WASHINGTON (Reuters) - President George W. Bush secretly approved orders in July allowing U.S. special forces to carry out ground assaults inside Pakistan without approval from the Pakistan government, the New York Times reported on Thursday.
The disclosure is certain to further anger Pakistan’s military, whose Army chief said on Wednesday that Pakistan would not allow foreign troops to conduct operations on its soil, after a cross-border incursion last week by U.S. commandos.
The new orders reflect concern about safe havens for al Qaeda and the Taliban inside Pakistan and an American view Pakistan lacks the will and ability to combat militants, the Times said.
“The situation in the tribal areas is not tolerable,” said a senior U.S. official who spoke to the newspaper on condition of anonymity. “We have to be more assertive. Orders have been issued.”
The newspaper said the orders also reflected a belief some U.S. operations had been compromised once Pakistanis were advised of the details.
Helicopter-borne U.S. commandos carried out a ground assault in Pakistan’s South Waziristan, a sanctuary for al Qaeda operatives, last week, the first known incursion into Pakistan by U.S. troops since the 2001 invasion of Afghanistan. The raid killed 20 people, including women and children.
Army chief General Ashfaq Kayani Kayani said in a statement on Wednesday: “The sovereignty and territorial integrity of the country will be defended at all cost and no external force is allowed to conduct operations ... inside Pakistan.”
“There is no question of any agreement or understanding with the coalition forces whereby they are allowed to conduct operations on our side of the border,” he said.
The U.S. action complicated the situation for Pakistan’s new civilian president, Asif Ali Zardari, who was sworn in on Tuesday, having forced former army chief Pervez Musharraf to stand down last month after nearly nine years in power.
Zardari, like Musharraf, has vowed to defeat the Taliban and support the West’s mission in Afghanistan, but the civilian government has to pay more heed to public opinion than Musharraf had done in a country rife with anti-American sentiment.
At the same time, Pakistan is highly vulnerable to any reduction in U.S. financial support, given the rapid depletion of Pakistan’s foreign currency reserves, which has sparked talk the country could default on a sovereign bond early next year unless it gets billions of dollars of foreign financing.
U.S. President George Bush, days before his final 9/11 anniversary in office, said this week he will send more troops to Afghanistan as his top military officials told Congress America was not winning a fight against the nearly seven-year insurgency.
Defense Secretary Robert Gates and Admiral Mike Mullen, chairman of the Joint Chiefs of Staff, told the House of Representatives Armed Services Committee success in Afghanistan would require more civilian effort beyond the military fight.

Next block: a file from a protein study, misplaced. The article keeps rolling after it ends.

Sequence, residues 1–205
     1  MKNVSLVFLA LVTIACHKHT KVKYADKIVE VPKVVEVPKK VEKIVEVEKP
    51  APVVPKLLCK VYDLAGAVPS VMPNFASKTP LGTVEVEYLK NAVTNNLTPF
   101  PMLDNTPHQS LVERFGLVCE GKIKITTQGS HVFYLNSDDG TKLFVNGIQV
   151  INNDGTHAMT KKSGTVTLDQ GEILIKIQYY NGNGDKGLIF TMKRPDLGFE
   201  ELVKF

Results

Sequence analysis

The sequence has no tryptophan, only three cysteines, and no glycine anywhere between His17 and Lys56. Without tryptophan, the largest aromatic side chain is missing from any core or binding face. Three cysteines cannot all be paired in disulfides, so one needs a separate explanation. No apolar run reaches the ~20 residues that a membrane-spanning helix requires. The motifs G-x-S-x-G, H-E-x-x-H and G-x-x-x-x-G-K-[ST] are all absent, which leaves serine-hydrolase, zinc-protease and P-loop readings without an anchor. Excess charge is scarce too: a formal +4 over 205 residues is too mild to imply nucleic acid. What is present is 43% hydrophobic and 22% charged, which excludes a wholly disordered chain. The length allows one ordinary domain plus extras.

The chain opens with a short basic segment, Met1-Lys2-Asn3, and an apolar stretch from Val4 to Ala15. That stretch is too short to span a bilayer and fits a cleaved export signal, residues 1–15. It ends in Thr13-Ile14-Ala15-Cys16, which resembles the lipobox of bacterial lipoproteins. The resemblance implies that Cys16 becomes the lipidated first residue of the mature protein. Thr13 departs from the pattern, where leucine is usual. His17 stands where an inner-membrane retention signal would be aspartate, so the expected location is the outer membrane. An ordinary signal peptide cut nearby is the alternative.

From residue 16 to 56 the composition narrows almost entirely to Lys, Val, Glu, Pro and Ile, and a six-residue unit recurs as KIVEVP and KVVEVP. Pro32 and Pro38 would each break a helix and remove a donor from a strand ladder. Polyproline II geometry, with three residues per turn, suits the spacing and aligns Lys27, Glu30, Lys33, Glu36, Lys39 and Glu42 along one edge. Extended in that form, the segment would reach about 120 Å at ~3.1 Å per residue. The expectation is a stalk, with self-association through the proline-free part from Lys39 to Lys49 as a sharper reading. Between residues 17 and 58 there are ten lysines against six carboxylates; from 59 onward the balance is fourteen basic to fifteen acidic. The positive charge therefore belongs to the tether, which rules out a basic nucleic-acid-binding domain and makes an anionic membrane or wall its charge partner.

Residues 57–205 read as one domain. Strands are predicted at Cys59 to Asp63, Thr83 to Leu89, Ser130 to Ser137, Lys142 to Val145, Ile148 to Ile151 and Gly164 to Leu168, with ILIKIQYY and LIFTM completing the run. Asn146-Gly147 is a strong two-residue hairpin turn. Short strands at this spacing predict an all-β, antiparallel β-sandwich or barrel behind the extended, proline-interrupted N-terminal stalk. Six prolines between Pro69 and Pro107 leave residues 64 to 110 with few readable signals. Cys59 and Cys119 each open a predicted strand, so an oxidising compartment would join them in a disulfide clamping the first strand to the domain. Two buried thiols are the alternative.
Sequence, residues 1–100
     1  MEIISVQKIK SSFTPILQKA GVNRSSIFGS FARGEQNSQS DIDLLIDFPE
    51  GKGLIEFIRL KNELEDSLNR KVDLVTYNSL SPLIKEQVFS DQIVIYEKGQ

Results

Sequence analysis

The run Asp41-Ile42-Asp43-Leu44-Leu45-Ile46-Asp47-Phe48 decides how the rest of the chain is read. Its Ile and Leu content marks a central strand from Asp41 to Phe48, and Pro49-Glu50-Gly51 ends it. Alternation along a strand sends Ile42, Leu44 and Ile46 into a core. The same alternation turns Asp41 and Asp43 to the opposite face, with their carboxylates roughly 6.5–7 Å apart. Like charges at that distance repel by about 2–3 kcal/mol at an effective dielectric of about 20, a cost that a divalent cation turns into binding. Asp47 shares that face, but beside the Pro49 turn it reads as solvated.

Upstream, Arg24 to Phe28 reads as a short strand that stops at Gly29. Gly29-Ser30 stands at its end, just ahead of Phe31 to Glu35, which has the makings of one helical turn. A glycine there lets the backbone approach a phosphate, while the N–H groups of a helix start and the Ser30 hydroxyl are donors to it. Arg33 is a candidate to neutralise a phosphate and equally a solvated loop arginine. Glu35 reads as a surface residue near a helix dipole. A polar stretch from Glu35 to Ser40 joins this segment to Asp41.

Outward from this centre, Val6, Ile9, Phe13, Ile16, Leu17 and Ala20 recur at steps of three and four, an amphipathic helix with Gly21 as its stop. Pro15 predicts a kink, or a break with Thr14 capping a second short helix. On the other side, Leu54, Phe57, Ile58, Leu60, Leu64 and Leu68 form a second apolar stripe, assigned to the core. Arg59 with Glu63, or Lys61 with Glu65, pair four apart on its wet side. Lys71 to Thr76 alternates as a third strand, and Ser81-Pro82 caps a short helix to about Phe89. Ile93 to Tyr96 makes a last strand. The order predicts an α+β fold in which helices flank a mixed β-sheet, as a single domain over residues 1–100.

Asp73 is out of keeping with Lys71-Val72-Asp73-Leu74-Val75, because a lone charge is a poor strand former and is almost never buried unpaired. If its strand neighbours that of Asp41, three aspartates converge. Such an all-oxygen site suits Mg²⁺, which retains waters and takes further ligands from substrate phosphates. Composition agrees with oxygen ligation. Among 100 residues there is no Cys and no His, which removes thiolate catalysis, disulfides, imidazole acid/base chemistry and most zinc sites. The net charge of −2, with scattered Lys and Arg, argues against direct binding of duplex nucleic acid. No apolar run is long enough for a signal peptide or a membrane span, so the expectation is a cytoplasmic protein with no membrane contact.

“Frankly, we’re running out of time,” Mullen said.
“I‘m not convinced we are winning it in Afghanistan. I am convinced we can,” he said, offering a sober assessment nearly seven years since U.S.-led forces toppled the Taliban after the September 11, 2001, attacks.
Violence in Afghanistan has soared over the past two years as al Qaeda and Taliban fighters have regrouped in the remote region between Afghanistan and Pakistan.
“These two nations are inextricably linked in a common insurgency that crosses the border between them,” Mullen said.
“We can hunt down and kill extremists as they cross over the border from Pakistan ... but until we work more closely with the Pakistani government to eliminate the safe havens from which they operate, the enemy will only keep coming.”
U.S. commanders in Afghanistan have requested three more combat brigades, about 10,000 soldiers. About 33,000 U.S. troops are already there, including 14,000 who are part of a 53,000-strong NATO military command.
The officials said the West should do more to help Afghans with new investments in roads and other infrastructure, education and crop assistance.
“These are the keys to success in Afghanistan,” said Mullen. “We cannot kill our way to victory.”
He said Afghanistan badly needed a national security force supported by local leaders. Gates supports an Afghan government proposal to double the size of the country’s army by creating an active-duty force of 122,000 troops by 2014.
However, U.S. reinforcements depend on Washington’s ability to reduce forces now deployed in Iraq, where the Bush administration has waged an unpopular war that critics say distracted attention from Afghanistan and al Qaeda.
Additional reporting by Andrew Gray; Writing by Bill Tarrant; Editing by David Fogarty